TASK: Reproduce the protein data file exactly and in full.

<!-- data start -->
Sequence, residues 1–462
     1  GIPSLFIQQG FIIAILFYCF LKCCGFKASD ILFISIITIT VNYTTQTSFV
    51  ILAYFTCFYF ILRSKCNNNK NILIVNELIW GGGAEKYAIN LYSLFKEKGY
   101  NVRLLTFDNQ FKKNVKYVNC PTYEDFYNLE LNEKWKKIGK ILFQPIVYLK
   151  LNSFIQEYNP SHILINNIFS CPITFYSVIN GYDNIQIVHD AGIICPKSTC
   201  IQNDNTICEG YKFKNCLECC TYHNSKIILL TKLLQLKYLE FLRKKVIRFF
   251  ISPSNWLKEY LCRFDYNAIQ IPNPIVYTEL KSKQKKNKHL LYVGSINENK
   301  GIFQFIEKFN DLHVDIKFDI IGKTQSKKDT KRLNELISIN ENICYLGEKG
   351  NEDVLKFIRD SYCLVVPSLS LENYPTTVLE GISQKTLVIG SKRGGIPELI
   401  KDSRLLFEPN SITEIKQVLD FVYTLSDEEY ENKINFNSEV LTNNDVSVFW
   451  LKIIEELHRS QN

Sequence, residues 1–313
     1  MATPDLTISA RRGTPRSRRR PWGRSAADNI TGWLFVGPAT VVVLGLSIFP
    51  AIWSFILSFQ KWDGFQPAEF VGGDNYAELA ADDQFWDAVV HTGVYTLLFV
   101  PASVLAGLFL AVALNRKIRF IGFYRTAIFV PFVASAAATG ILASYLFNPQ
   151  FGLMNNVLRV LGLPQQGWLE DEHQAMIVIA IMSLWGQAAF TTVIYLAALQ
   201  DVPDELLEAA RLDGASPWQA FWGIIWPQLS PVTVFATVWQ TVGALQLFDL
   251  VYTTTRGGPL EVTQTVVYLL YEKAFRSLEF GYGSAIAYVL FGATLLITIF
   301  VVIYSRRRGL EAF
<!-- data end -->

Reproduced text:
Sequence, residues 1–462
     1  GIPSLFIQQG FIIAILFYCF LKCCGFKASD ILFISIITIT VNYTTQTSFV
    51  ILAYFTCFYF ILRSKCNNNK NILIVNELIW GGGAEKYAIN LYSLFKEKGY
   101  NVRLLTFDNQ FKKNVKYVNC PTYEDFYNLE LNEKWKKIGK ILFQPIVYLK
   151  LNSFIQEYNP SHILINNIFS CPITFYSVIN GYDNIQIVHD AGIICPKSTC
   201  IQNDNTICEG YKFKNCLECC TYHNSKIILL TKLLQLKYLE FLRKKVIRFF
   251  ISPSNWLKEY LCRFDYNAIQ IPNPIVYTEL KSKQKKNKHL LYVGSINENK
   301  GIFQFIEKFN DLHVDIKFDI IGKTQSKKDT KRLNELISIN ENICYLGEKG
   351  NEDVLKFIRD SYCLVVPSLS LENYPTTVLE GISQKTLVIG SKRGGIPELI
   401  KDSRLLFEPN SITEIKQVLD FVYTLSDEEY ENKINFNSEV LTNNDVSVFW
   451  LKIIEELHRS QN

Sequence, residues 1–313
     1  MATPDLTISA RRGTPRSRRR PWGRSAADNI TGWLFVGPAT VVVLGLSIFP
    51  AIWSFILSFQ KWDGFQPAEF VGGDNYAELA ADDQFWDAVV HTGVYTLLFV
   101  PASVLAGLFL AVALNRKIRF IGFYRTAIFV PFVASAAATG ILASYLFNPQ
   151  FGLMNNVLRV LGLPQQGWLE DEHQAMIVIA IMSLWGQAAF TTVIYLAALQ
   201  DVPDELLEAA RLDGASPWQA FWGIIWPQLS PVTVFATVWQ TVGALQLFDL
   251  VYTTTRGGPL EVTQTVVYLL YEKAFRSLEF GYGSAIAYVL FGATLLITIF
   301  VVIYSRRRGL EAF